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European satellite to crash to Earth by Monday

  • ASSOCIATED PRESSIn his image, publicly provided by the European Space Agency ESA, research  satellite GOCE flies above earth. The European Space Agency says its GOCE research satellite will crash to Earth on Sunday night Nov. 10, 2013, most likely over the ocean or polar regions.  Spokeswoman Jocelyne Landeau said the satellite will mostly disintegrate as it comes down and "we will have only a few pieces which could be 90 kilograms at the most."  The crash is expected to occur between 19:30 and 1:30 Central European Time from Sunday to Monday night.   ESA said Friday that humans are 250,000 times more likely to win the lottery than to get hit by the debris that may survive the breakup.  GOCE was launched in 2009 to map the Earth's gravitational field. It ran out of fuel last month, ending the mission.  (AP Photo/European Space Agency,ESA) MANDATORY CREDIT
    ASSOCIATED PRESS
    In his image, publicly provided by the European Space Agency ESA, research satellite GOCE flies above earth. The European Space Agency says its GOCE research satellite will crash to Earth on Sunday night Nov. 10, 2013, most likely over the ocean or polar regions. Spokeswoman Jocelyne Landeau said the satellite will mostly disintegrate as it comes down and "we will have only a few pieces which could be 90 kilograms at the most." The crash is expected to occur between 19:30 and 1:30 Central European Time from Sunday to Monday night. ESA said Friday that humans are 250,000 times more likely to win the lottery than to get hit by the debris that may survive the breakup. GOCE was launched in 2009 to map the Earth's gravitational field. It ran out of fuel last month, ending the mission. (AP Photo/European Space Agency,ESA) MANDATORY CREDIT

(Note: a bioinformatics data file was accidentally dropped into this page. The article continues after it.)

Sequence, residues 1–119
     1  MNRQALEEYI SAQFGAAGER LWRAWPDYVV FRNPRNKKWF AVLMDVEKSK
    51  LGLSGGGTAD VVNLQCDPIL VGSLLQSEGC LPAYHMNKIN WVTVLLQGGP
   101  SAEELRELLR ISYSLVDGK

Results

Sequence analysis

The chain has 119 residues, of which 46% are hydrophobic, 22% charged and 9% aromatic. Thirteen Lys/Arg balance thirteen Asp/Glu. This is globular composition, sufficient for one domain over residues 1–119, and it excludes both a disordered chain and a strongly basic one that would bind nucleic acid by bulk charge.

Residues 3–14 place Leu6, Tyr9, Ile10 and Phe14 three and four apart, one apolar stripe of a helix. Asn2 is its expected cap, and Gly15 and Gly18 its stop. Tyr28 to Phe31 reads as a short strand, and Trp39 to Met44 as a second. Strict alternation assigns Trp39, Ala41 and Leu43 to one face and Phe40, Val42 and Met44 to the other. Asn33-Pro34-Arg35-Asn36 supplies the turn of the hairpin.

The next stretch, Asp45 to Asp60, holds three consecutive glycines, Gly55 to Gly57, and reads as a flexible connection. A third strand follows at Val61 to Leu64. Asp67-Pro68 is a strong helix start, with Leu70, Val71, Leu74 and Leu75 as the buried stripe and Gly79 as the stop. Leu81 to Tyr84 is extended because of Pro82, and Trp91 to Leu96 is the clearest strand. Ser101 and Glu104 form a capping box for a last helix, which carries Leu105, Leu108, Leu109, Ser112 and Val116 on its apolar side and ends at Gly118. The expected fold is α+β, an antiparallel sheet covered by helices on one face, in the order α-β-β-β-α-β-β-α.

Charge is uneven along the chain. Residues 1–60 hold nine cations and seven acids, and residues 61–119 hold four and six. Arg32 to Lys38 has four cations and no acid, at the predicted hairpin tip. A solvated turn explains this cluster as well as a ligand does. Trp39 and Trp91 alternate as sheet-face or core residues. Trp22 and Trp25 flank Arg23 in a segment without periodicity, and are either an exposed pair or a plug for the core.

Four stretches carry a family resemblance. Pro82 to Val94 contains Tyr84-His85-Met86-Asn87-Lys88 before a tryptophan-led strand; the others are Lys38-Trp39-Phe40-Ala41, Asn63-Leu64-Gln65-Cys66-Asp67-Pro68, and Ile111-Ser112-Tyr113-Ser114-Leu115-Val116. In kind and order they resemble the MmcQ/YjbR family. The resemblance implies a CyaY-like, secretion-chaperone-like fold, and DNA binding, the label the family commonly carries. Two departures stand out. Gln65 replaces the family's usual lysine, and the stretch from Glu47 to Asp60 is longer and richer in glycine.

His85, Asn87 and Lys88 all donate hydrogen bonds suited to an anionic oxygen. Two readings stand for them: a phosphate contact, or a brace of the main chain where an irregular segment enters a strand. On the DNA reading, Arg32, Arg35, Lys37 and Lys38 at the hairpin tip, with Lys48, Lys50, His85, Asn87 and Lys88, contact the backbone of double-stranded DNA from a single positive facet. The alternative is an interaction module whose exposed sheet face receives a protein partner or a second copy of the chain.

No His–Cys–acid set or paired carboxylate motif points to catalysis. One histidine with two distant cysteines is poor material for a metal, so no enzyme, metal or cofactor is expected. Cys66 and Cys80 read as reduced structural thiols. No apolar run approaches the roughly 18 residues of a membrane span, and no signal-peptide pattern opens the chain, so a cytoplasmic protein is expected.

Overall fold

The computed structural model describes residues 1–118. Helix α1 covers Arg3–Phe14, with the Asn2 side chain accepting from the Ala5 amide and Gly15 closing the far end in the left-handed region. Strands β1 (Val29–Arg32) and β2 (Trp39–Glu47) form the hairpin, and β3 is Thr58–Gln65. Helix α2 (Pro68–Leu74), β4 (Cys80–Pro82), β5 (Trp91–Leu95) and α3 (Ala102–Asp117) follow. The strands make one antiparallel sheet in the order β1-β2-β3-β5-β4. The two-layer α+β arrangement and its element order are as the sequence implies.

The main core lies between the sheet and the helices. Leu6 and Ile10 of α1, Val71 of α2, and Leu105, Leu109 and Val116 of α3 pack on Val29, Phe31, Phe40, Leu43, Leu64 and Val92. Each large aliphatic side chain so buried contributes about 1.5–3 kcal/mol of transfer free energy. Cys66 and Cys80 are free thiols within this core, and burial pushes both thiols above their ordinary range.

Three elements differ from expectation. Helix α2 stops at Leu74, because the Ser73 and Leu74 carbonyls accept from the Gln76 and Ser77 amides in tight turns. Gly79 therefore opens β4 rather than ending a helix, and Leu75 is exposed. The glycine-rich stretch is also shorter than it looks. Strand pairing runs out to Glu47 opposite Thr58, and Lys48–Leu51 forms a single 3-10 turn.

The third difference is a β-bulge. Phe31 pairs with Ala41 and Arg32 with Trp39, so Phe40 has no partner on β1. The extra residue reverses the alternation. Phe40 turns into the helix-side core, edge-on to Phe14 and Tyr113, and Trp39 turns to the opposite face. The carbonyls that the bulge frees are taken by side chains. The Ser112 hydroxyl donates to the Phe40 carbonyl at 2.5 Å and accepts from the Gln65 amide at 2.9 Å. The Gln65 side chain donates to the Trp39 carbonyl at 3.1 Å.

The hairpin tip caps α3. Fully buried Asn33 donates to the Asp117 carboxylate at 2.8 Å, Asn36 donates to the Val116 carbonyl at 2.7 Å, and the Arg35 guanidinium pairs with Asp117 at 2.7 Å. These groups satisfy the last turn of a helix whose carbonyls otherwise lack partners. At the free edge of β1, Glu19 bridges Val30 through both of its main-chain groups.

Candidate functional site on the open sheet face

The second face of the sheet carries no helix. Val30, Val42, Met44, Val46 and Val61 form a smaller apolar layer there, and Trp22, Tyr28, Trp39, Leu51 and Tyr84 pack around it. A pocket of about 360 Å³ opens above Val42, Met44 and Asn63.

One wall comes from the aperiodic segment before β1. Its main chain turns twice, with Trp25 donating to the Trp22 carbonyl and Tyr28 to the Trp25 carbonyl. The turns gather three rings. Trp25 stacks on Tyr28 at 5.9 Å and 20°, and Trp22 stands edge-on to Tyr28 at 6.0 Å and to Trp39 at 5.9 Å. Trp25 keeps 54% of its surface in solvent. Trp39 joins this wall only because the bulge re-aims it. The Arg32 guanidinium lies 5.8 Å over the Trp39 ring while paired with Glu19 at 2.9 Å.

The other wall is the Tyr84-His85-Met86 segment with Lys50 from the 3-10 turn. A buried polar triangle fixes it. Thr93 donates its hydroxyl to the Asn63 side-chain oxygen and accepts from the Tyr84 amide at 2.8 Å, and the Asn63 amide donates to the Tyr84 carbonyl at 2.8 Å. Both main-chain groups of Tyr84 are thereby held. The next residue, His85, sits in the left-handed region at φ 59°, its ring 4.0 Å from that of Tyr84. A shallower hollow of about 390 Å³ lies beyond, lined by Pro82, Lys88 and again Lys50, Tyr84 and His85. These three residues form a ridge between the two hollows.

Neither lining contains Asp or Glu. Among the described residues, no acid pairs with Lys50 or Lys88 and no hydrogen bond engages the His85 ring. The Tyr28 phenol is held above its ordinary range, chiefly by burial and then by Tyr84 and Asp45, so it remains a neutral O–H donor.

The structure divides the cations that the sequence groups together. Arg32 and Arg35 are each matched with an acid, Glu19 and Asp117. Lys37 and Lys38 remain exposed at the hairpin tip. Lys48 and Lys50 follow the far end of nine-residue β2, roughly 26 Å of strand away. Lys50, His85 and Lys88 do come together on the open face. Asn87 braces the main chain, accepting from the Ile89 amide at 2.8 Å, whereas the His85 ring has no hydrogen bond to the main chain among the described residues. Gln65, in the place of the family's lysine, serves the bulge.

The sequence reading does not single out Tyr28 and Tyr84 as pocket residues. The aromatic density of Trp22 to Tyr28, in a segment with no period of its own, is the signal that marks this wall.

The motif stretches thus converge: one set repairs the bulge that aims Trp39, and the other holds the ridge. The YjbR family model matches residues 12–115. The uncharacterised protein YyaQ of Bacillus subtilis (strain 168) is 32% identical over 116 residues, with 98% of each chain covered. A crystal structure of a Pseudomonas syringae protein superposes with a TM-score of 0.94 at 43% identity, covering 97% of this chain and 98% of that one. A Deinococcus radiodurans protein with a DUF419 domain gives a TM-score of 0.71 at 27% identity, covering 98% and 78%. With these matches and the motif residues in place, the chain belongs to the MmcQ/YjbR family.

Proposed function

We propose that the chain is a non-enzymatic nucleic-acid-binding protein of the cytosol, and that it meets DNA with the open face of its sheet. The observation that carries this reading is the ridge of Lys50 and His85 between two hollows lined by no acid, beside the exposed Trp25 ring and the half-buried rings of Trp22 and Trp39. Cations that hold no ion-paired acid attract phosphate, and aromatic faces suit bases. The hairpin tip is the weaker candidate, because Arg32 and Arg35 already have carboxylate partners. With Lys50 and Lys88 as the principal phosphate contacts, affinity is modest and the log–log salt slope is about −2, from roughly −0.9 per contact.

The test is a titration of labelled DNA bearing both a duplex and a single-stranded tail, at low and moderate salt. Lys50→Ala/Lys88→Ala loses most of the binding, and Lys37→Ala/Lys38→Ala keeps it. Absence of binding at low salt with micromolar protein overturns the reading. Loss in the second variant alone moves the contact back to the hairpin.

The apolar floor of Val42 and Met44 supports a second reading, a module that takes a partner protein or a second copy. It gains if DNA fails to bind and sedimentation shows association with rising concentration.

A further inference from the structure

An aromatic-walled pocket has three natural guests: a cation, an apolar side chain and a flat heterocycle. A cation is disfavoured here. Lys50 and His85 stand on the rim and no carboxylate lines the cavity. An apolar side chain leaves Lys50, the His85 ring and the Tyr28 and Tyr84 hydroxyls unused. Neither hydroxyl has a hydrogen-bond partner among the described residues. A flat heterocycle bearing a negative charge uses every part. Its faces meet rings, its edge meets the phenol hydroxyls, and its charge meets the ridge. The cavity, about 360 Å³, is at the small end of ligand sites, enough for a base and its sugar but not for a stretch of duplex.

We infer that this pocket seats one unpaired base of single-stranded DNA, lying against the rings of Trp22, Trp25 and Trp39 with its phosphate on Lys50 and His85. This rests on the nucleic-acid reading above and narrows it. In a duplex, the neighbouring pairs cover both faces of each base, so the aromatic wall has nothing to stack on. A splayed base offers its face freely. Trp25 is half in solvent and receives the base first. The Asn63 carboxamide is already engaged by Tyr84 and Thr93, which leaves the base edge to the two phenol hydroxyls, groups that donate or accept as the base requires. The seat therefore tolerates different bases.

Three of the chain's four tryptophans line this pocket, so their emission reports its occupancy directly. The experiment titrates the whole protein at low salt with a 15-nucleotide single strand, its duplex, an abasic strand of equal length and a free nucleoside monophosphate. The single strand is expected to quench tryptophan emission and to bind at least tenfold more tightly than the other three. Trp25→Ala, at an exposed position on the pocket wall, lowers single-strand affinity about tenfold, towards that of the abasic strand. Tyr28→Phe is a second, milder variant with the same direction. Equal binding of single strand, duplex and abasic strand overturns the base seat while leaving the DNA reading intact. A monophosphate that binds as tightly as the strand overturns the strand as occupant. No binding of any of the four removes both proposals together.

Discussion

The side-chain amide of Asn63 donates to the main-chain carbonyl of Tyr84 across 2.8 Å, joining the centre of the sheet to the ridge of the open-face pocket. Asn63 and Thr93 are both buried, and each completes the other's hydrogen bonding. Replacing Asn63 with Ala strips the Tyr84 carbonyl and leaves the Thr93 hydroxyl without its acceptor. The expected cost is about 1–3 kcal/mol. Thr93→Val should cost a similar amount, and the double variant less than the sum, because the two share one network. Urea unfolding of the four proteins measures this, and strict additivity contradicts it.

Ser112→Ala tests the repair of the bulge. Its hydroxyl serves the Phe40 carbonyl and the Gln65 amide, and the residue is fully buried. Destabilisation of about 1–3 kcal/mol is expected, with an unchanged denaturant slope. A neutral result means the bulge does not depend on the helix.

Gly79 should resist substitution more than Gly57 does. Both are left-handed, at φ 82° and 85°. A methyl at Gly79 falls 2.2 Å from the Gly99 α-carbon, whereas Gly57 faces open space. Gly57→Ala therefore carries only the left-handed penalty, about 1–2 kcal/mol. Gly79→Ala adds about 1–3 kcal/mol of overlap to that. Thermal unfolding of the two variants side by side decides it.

BERLIN >> The European Space Agency says that one of its research satellites that ran out of fuel will most likely crash to Earth into the ocean or polar regions.

The agency said today the crash is expected to occur between Sunday 1:30 p.m. and Monday  7:30 p.m. EST (8:30 a.m and 2:30 p.m. in Hawaii.)

Spokeswoman Jocelyne Landeau said the satellite, GOCE, will mostly disintegrate as it comes down and "we will have only a few pieces which could be 90 kilograms at the most."

ESA said Friday that humans are 250,000 times more likely to win the lottery than to get hit by the debris.

GOCE was launched in 2009 to map the Earth’s gravitational field.

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